The farmhouse from Madiswil is an all wood post and beam construction. In contrast to the neighbouring thatched-roof house from Oberentfelden AG (No. 221), this farmhouse from the beginning of the 18th century was planned and built for two families.
Its ground plan is divided along the roof ridge into two living and working sections, with shared use of the kitchen, threshing floor and loft. This house was originally covered with straw, which was replaced with shingles in the 19th century. On its reconstruction, some 257’000 shingles were required for this huge roof.
The living quarters of this house have been largely preserved and could be rebuilt in the Museum with only minor changes. The work areas, which had naturally suffered greater wear and tear, were partially reconstructed from new timber. The supporting high posts reaching up to the roof ridge can be seen in the middle of the house. Ladder posts make it easier to climb up to the hay and straw lofts. Pairs of rafters which support the roof battens and the roof covering are hung over the ridge beam. The roof construction is reinforced by a secondary ridge beam below the main beam with transversely braced inner rafters.
The Madiswil house gives us an idea of how the average Midlands farmer lived and worked in the 18th century. Its interior contains many pieces of furniture and objects from this tradition-rich Upper Aargau village which lies in the Canton of Berne.
The middle of this house is occupied by an impressive smokehouse kitchen. Without a chimney, the smoke rises freely up beneath the wooden ceiling of the upper floor and passes through smoke-holes into the threshing floor and to the outside. Sausages and sides of bacon hang from the ceiling to cure in the smoke. Little daylight penetrates into this room. All except those who had work to do in the kitchen no doubt preferred to stay in the smoke-free parlour which could be heated by a sandstone stove.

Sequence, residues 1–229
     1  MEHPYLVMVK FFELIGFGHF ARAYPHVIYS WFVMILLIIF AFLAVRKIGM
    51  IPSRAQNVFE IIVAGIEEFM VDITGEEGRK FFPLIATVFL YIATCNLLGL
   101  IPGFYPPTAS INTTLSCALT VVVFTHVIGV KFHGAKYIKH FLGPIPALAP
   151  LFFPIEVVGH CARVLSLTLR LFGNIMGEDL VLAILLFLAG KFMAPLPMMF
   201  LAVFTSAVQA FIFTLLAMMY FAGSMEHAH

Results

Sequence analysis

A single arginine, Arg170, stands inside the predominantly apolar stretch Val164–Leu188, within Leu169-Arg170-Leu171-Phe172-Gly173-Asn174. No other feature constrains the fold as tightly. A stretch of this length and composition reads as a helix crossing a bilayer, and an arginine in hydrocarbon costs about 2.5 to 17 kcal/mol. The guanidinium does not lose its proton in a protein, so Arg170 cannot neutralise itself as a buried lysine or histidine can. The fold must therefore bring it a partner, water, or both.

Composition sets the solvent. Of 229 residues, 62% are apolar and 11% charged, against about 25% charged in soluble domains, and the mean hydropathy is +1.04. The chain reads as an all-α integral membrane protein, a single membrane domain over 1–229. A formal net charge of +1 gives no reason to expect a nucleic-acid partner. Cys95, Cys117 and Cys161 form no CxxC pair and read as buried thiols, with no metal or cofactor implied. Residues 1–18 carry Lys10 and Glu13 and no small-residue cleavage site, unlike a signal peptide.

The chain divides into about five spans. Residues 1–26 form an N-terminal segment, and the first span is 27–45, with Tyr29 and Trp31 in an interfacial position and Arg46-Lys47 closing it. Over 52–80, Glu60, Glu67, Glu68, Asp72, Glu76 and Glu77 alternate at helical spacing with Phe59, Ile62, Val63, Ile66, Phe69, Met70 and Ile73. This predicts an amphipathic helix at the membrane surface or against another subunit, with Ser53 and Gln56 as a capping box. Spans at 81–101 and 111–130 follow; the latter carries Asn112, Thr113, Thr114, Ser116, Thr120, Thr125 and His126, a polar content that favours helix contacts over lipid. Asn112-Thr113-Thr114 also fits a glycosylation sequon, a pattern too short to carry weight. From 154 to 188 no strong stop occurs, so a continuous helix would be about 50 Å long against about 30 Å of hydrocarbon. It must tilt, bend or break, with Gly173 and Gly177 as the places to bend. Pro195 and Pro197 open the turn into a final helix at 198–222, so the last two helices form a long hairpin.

Both parlours are furnished with peasant furniture from Upper Aargau. A loom in one of the side rooms is a reminder of the introduction of linen weaving to this region. Already in the early 17th century, weaving was established as wage work providing a secondary income. As a reminder of the legend of the left-handed reaper, a left-handed scythe hangs on the wall to the threshing floor. This tragic story of a proof of love which had to be given by «reaping with the left hand» has been performed in the Madiswil folk theatre at regular intervals since 1914.
Where there was no stream and no spring to be tapped, it was necessary to dig for water. Wells often reached down as far as twelve metres to the ground water level. We have dug a well behind the house from Madiswil. The water can be brought to the surface by means of a wooden pump. Above the well-shaft, the ground-water well from Wimmis BE (No. 323) has been rebuilt.